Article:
A view of our woodland back garden, almost impossibly lush after a good rain. Everything is lush: this morning I rode up a nearby street carved out of a ravine, and the smells of rain and soil were so rich I felt as if I could still plunge my hands into the waters of the buried stream that still runs beneath it.
My secret rooftop garden is also lush, and this is something of a wonder, because late in the winter a raccoon breached a vulnerable corner of the eaves and, after making itself a den, gave birth to five kits. We listened to this burgeoning family cavort along the roofline for weeks (waiting in order to ensure the kits were large enough to survive out of the den) before calling a wildlife removal company to have the raccoons humanely evicted. Before their removal, however, the raccoons destroyed most of the plants I had begun to set out on the deck, and trampled my garlic, which had been growing serenely since last fall.
Between having to remove plants to less sunny environs or replace them entirely (several tomatoes and eggplants were lost to our cute but destructive visitors’ nightly rampages), I think I lost about three weeks of the growing season before I was able to return rescued plants to the top deck. And yet; and yet: the potatoes are big, the tomatoes are catching up quickly, the eggplants are blossoming (and a couple of plants are starting to set fruit) and even the hot peppers (Apaches, my favourite because the plants are compact and produce prolifically, and the peppers are bright red, hot but not outrageously so, and dry wonderfully for winter use) are producing.
I’ve also managed a first harvest for drying of some of the herbs (catnip, rosemary, sage) and, of course, go out at dinnertime almost every day to snip a few leaves of parsley, basil, tarragon, thyme or oregano) for salad. Every year I try to expand the varieties of herbs I grow: this year I’m up to 34 kinds (about 25 separate types if one excludes varieties; e.g., of thymes. sages and basils). I love their sweet or secretive smells, and the long cultural histories associated with so many herbs. My retirement fantasy is to one day operate a market garden focused mainly on culinary, medicinal and ornamental herbs.
I’ve also managed, for the first time ever, to grow zucchini plants that seem likely to produce. Zucchinis are supposed to be one of the easiest garden vegetables to grow, but because our property is mainly shaded at ground level and space is at a premium on the sunny verandahs and decks, I’ve never afforded squash plants adequate room to grow and as a result have usually lost them to powdery mildew or squash borers. But this year I’ve set a zucchini in a big urn in my secret rooftop garden and it seems to be thriving.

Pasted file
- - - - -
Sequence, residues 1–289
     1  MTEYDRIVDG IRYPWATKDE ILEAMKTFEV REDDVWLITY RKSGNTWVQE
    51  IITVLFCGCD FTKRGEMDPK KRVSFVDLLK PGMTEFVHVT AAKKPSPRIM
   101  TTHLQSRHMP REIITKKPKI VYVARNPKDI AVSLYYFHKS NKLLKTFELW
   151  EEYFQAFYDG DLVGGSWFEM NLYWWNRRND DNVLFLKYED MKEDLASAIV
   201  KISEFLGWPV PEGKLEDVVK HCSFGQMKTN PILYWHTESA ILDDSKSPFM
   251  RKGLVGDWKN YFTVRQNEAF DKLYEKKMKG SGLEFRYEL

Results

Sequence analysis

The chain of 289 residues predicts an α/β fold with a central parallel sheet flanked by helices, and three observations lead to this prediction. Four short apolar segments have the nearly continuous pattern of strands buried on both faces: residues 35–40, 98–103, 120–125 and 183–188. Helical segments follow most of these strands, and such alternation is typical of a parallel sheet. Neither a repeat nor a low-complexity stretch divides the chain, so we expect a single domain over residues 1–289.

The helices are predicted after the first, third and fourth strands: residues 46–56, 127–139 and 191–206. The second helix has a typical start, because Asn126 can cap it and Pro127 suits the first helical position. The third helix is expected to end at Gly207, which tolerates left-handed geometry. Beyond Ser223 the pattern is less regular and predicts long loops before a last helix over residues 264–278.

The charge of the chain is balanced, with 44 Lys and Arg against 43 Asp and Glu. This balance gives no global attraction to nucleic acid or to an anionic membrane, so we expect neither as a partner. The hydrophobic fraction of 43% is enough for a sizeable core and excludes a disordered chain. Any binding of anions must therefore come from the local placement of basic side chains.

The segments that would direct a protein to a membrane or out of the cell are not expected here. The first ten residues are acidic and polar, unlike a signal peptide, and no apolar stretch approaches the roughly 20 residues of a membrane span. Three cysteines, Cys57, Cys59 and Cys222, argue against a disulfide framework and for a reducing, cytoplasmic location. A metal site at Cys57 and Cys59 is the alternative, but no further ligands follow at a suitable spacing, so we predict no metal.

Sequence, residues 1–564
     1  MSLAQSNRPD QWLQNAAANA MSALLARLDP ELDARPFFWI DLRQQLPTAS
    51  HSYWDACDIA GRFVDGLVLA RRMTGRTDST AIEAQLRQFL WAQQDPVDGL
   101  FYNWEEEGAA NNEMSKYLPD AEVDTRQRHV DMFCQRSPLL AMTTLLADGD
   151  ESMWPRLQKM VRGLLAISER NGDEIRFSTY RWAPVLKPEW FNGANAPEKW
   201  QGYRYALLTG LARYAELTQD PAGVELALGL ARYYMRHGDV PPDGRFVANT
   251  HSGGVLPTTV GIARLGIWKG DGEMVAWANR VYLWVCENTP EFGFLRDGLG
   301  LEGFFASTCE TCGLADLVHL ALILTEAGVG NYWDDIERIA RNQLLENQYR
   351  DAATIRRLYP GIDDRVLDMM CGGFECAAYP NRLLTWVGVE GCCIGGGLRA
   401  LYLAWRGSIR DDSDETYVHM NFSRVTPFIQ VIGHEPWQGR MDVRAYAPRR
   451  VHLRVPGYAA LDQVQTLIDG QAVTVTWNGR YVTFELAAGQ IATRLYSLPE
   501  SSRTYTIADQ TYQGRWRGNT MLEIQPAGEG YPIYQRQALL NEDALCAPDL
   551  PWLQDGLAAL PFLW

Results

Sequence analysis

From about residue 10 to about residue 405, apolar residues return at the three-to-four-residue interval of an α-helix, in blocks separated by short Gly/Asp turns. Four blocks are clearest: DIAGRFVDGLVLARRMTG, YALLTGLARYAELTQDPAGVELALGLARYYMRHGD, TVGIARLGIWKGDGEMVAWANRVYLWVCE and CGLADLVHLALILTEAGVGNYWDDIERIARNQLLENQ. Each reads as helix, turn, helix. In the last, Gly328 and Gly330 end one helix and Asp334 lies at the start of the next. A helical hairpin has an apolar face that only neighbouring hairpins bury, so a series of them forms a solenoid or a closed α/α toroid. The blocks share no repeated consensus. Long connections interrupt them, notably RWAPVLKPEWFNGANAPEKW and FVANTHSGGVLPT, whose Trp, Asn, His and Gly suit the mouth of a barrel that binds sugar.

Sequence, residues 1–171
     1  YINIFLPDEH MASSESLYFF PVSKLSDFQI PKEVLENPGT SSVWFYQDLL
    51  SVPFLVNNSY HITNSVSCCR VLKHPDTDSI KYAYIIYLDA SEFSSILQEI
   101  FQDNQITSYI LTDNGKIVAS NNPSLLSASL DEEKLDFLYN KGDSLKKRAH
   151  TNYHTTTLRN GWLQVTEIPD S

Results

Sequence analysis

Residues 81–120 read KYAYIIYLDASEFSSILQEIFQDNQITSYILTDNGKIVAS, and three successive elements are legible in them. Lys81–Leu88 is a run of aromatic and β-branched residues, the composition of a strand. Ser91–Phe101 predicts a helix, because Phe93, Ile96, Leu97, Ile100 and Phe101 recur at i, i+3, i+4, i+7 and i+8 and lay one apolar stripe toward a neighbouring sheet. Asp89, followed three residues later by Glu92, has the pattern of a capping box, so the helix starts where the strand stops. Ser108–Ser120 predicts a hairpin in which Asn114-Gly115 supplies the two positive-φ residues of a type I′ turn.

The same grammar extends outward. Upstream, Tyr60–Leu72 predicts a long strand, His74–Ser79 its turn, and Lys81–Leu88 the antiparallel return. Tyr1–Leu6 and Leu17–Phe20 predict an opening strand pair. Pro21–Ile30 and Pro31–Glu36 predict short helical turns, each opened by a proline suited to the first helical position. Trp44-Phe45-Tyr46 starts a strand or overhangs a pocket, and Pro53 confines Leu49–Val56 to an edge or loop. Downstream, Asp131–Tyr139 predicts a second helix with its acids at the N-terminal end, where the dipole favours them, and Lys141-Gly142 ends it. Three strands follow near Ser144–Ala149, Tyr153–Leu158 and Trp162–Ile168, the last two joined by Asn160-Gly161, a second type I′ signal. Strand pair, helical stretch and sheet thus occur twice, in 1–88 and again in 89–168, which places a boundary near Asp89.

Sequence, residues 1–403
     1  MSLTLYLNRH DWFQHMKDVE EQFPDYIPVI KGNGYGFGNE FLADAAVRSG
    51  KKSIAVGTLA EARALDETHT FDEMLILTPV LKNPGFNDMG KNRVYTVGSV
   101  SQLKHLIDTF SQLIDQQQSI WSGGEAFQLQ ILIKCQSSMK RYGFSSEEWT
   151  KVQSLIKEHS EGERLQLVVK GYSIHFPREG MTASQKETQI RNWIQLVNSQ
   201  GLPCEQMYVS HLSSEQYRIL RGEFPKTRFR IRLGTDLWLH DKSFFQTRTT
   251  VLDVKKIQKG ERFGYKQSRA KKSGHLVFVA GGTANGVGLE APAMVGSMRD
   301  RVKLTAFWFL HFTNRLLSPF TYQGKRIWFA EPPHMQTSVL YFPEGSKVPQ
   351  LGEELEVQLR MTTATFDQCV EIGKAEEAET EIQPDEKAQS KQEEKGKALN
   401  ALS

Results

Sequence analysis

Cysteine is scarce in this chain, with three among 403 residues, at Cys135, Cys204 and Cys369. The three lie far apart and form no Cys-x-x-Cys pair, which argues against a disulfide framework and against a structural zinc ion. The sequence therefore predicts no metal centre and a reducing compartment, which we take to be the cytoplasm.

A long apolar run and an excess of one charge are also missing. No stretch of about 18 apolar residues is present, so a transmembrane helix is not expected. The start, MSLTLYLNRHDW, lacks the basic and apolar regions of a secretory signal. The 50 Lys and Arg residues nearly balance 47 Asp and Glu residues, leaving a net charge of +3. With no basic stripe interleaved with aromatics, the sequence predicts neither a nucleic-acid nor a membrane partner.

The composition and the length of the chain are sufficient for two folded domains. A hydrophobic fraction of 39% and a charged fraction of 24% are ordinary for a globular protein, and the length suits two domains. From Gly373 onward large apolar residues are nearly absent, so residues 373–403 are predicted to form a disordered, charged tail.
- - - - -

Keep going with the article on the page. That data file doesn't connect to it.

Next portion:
It’s also a great year for non-cultivated harvest: we managed a first mulberry pick a few days ago from a nearby street tree, and my raspberries, growing almost wild along a walkway between the garages, are burgeoning two weeks earlier than usual). I love raspberries more than any other fruit, and I love these raspberries especially because my thick, wild patch started out as a few surplus seedings my mother gave me from her garden many years ago.
What else is going on in the garden right now? Milkweed! It took years for us to establish even a single milkweed plant, but now we have seven or eight in the front garden, and their blooms are beloved by bumblebees and Monarch butterflies. And also: perilla! Last summer a neighbour gave me some perilla when we stopped to admire her garden. I read that it self-seeds readily, and so over the winter was careful to save the soil in the container where it had grown. This spring only a single plant popped up, and I was a little sad–until I started to see perilla in some of my other pots. I love its minty-licorice taste, and hope my volunteer perillas continue to multiply.
And garlic: here is a clutch of garlic scapes I managed to pull from the front garden. Almost two decades ago my mother gave me some of the serpent garden she grew around her front step to ward off witches, and it has grown pretty much wild in my own front garden ever since. No witches, either, or rather: only the good kind.
And finally: I will end here with a glimpse of the second floor verandah, which has taken a neoclassical turn of late. I bought these painted metal urns last weekend at what was probably the first yard sale I’ve attended in well over a year, and which hopefully will not be the last!